A more difficult question in this case is whether deduction may be claimed for income which was not actually expended for the stated beneficient purposes of the trust, but which was accumulated and retained as part of the permanent investment fund. More specifically, the problem is whether such income, within the meaning of Section 162(a), is either permanently set aside for the use of organizations as described in Section 23(o) or used exclusively for charitable and related purposes.
It has frequently been held that income of an estate or trust accumulated during the taxable year is deductible although it has not actually been given to a charitable organization or used directly for a charitable purpose. See, e.g., Lederer v. Stockton, 260 U.S. 3, 43 S. Ct. 5, 67 L. Ed. 99; Commissioner of Internal Revenue v. Upjohn's Estate, 6 Cir., 124 F.2d 73; Bowers v. Slocum, 2 Cir., 20 F.2d 350; Middleton v. United States, D.C., 99 F. Supp. 801; Beggs v. United States, 27 F. Supp. 599, 89 Ct. Cl. 39; Welch v. Commissioner, 9 B.T.A. 1370. It is true that in those cases the funds so accumulated were destined for actual distribution to the charitable beneficiaries. In this case, of course, the particular funds which are retained and added to the permanent investment fund will never be distributed to the objects of the settlor's bounty. Those funds will be used to produce additional income, part of which again, under the terms of the trust instrument, will be retained for investment. This will be continued until the net assets of the trust equal the sum stipulated by the settlor, and even thereafter earnings may be used to replace losses suffered by the permanent fund. Income so retained and invested is, naturally, subject to the hazards of investment.
However, we do not think it is controlling that the particular funds retained for investment may never be received directly by beneficiaries of the trust, nor that, so invested, they may be subject to business loss. In this connection it is worthy of note that Section 812(d) of the Code, concerning the estate tax, allows as a deduction from the value of the gross estate the amount of all bequests to or for the use of a charitable or related organization or to a trustee to be used exclusively for charitable or related purposes. 26 U.S.C.A. § 812(d). The particular funds or assets comprising the bequest may be used for investment and thus never be distributed directly to the ultimate beneficiaries. See Eagan v. Commissioner, 5 Cir., 43 F.2d 881; Lucas v. Mercantile Trust Co., 8 Cir., 43 F.2d 39. But if the ultimate beneficial application of the income is for approved purposes, the bequests so held for investment are, within the meaning of the statute, being used for those purposes. Accordingly, such bequests are deductible.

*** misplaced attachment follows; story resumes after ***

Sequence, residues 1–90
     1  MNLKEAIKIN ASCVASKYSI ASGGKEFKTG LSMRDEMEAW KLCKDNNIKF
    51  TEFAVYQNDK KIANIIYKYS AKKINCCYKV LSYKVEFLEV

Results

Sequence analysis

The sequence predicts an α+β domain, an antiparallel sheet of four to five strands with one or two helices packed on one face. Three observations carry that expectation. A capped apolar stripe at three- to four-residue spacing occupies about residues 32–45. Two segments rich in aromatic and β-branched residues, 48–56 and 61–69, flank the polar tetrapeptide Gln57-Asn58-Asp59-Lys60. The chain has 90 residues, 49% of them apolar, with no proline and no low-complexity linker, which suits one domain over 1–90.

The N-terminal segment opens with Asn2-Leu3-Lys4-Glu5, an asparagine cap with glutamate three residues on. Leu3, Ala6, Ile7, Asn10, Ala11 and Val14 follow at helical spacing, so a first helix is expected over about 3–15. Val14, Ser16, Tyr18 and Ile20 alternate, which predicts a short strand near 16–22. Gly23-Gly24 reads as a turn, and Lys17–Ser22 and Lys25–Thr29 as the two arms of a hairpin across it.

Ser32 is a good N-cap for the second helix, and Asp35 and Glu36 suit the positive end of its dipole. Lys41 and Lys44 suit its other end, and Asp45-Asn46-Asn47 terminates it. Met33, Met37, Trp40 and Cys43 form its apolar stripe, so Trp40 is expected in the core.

The principle which to us seems controlling in this case is the reasonable certainty that the beneficient purposes of the trust will be greatly served as the investment fund expands and reaches the goal fixed by the settlor. It may be expected that as the fund increases the income available for direct application to charitable or related purposes will increase accordingly. There can be no other reason, under the terms of the trust instrument, for adding to the fund. On the other hand, anything which retards the growth of the fund necessarily reduces the amount of the income available for direct charitable purposes. The purpose of the income which is retained as a part of the corpus would thus very materially impair the possibility of achieving those objectives.
It has long been a policy of Congress to encourage gifts for charitable purposes. Helvering v. Bliss, 293 U.S. 144, 55 S. Ct. 17, 79 L. Ed. 246; United States v. Provident Trust Co., 291 U.S. 272, 54 S. Ct. 389, 78 L. Ed. 793. As said in Old Colony Co. v. Commissioner, 301 U.S. 379, 384, 57 S. Ct. 813, 816, 81 L. Ed. 1169, 'This language (of Sec. 162(a)) should be construed with the view of carrying out the purpose of Congress- evidently the encouragement of donations by trust estates.' We have concluded, therefore, that trust income here retained and invested was, within the meaning of Section 162(a), either permanently set aside for the use of organizations as described in Section 23(o) or used exclusively for charitable and related purposes. It follows that the claimed deduction should have been allowed. The fact that during the taxable year in question the trust was actively engaged in the conduct of a business for profit is not material in this case. In the Revenue Act of 1950 Congress disallowed as a deduction under Section 162(a) income of a trust allocable to its Supplement U business income. 26 U.S.C.A. § 162(g) (1). But that provision was expressly made applicable only for computing deductions allowable to a trust for 'any taxable year beginning after December 31, 1950'.
In the view which we have taken of this case, we do not consider the question of tax exemption under Section 101(6), and, of course, we do not reach the question raised by the Commissioner's petition regarding the computation of the deficiency.
The decision of the Tax Court that there is a deficiency for the fiscal year ending June 30, 1948, is reversed.